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Jane C. Butler writes :"Still filing shelflist cards, I admit,
They're small and compact and they perfectly fit,
Right under the PC this catalog sits,
It supports the E-cat that's smiling a bit.
The large universities with miles of drawers.
Sheer piles of cards they carefully stored,
The info within them as vast as sea shores,
Whoever in browsing would ever be bored? -- Read More
Via wood s lot comes a little humor for your Wednesday afternoon:
The Tao te Ching is an ancient book of wisdom, the well spring of a great religion, Taoism. It has been translated many times, by such literary luminaries as Ursula K. LeGuin, Stephen Mitchell and Alan Watts. I do no possess even a modicum of their literary talent, poetic ability or knowledge of Eastern religions. I do have one advantage that they do not. Lao Tzu, the reputed author of the work, was a librarian. This is the first attempt by a fellow librarian to translate the Tao te Ching.
The highest good is like water / Water gives life to all things and does not strive /
It flows in places that men reject and so is like the Library /
In constructing, be close to the land /
In developing a collection, go deep in the heart /
In dealing with patrons, be gentle and kind /
In speech, be true /
In making rules, be just /
In budgeting, be competent /
In action, take care to be timely /
No fight: No blame.
I think it was Ender that spotted A Funny Headline From The Onion, June 24, 1957. "Eisenhower Vows To Address Growing Problem of Overdue Library Books."
"Operation Due Date" will encourage American's to return library books in a timely manner with a congressionally imposed 10 cent a week madatory late fee.
A funny little letter to the editor in The Arizona Republic from a woman who spotted a man reading a hard-cover book while driving, not once, but twice!
She says she did get your license plate number the second time and will attempt to make everyone's commute safer by reporting you.
frank r. hewitt writes "
Generally, mornings are pretty quiet. Especially on days like today when the weather is nasty, it’s quite pleasant to enjoy the library’s tranquil ambience undisturbed by patrons. But, like all good things, it usually comes to an end as noon approaches.
Our first patron of the day was Mrs. P, one the many senior hypochondriacs that keep the medical publishers' bottom line in the black. -- Read More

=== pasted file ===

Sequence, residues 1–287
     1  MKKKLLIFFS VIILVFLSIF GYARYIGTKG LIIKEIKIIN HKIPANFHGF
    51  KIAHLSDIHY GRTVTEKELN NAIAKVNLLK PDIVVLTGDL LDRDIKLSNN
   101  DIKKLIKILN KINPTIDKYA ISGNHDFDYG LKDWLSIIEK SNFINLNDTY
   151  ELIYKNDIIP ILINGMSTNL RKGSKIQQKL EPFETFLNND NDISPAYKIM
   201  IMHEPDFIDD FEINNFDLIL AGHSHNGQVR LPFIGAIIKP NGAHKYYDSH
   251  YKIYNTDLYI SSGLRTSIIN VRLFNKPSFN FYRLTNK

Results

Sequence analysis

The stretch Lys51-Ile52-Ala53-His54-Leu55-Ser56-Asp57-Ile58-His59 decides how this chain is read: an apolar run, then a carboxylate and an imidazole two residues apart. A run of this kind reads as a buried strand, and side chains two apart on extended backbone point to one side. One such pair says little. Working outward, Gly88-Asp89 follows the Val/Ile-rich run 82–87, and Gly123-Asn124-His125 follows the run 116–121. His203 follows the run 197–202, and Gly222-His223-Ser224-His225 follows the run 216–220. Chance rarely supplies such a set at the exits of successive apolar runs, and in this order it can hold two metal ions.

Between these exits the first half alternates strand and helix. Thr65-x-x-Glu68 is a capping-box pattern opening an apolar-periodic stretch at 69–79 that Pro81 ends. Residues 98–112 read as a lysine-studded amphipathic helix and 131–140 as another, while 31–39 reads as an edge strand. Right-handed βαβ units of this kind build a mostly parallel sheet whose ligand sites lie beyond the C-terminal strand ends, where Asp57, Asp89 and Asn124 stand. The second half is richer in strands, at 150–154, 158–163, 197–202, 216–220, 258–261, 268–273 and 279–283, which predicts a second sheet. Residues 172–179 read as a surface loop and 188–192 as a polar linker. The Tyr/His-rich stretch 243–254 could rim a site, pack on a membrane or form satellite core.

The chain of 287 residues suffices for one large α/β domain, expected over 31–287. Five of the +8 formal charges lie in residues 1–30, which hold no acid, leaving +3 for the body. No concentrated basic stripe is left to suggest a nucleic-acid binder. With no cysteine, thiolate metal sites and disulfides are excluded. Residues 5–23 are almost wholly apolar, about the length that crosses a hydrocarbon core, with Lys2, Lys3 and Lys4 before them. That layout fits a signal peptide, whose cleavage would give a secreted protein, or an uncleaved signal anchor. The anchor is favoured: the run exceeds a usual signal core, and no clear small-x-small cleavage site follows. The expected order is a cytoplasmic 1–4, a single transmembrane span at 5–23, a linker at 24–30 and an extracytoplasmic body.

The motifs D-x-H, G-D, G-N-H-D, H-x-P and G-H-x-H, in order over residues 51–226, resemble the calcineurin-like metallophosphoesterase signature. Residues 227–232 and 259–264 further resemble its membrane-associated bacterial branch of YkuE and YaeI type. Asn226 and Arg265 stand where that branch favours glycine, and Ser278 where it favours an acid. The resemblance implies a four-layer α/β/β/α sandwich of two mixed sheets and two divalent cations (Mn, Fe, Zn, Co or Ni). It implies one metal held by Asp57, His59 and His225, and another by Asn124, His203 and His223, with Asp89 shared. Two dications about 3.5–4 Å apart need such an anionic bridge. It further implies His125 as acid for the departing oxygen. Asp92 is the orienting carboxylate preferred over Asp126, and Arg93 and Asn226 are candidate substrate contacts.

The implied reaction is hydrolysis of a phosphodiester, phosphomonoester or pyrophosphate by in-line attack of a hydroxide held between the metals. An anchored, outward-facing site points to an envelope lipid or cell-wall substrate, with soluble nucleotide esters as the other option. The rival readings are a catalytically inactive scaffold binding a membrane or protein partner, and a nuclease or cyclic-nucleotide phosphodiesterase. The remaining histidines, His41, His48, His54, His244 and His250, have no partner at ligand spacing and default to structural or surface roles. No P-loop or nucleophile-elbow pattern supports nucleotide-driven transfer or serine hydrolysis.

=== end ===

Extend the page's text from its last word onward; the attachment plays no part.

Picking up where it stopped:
Michael McGrorty writes "
Last week I was working the reference desk on a rainy night when the traffic was so slow that I actually had a few moments to think. Being the type who likes to keep busy, I decided to take a tour of the lost-and-found drawer; we'd had a call earlier from somebody looking for a wallet, and it raised my interest in that treasure-trove of cast-offs.
If you've worked in a library any length of time you know that just about anything gets left behind, particularly by children. I ignored the clothing department and got to work on the books, dividing them into stacks according to whether I could identify an owner or no. There were a few textbooks to return to the junior high, and quite a few school binders. Inside one of them was a steno pad on which was written, in a kid's printing, this little gem, which I leave unedited: -- Read More
Jen writes \"You know Librarians are the ultimate fantasy objects when they are included in a New Orleans revival burlesque show!From the site:
\"Your host, the always suave Danny Martini, will introduce you to a prim and proper librarian who gets naughty after hours.\"
(AP – Chicago, IL)
While reading comic Unshelved the other day, reference librarian Aaron Schmidt burst into tears. Library patrons may have been confused by his outpour, but his coworkers were undaunted. “As librarians, we’re accustomed to seeing the misery of our own,” responded Circulation clerk Brent Lipinski.
When asked about his reaction to the comic, Schmidt squeaked, “There are a variety of reasons the comic elicited such emotion. I was at first overwhelmed by the fact that there were two people [Barnes and Ambaum, the strip’s creators] that understood my situation. Then I got confused and started crying more, because I was scared that they were spying on me to get material. I then realized that there are librarians across the planet dealing with surly patrons and other malcontents. The frustration of all librarians in the world came out of me.”
Schmidt was given the day off after the incident. He chose to spend it in the library, reading Oscar Wilde and listening to the Smiths on his iPod.
Michael McGrorty writes: "Ten reasons the war is good for public libraries:
1. The war provides an excuse for under-funding. Previously the holes in the roof were the result of governmental neglect; now we can blame the Iraqis.
2. The federal government is at long last taking a role in the operation of public libraries. The Department of Homeland Security has become our link to the administration.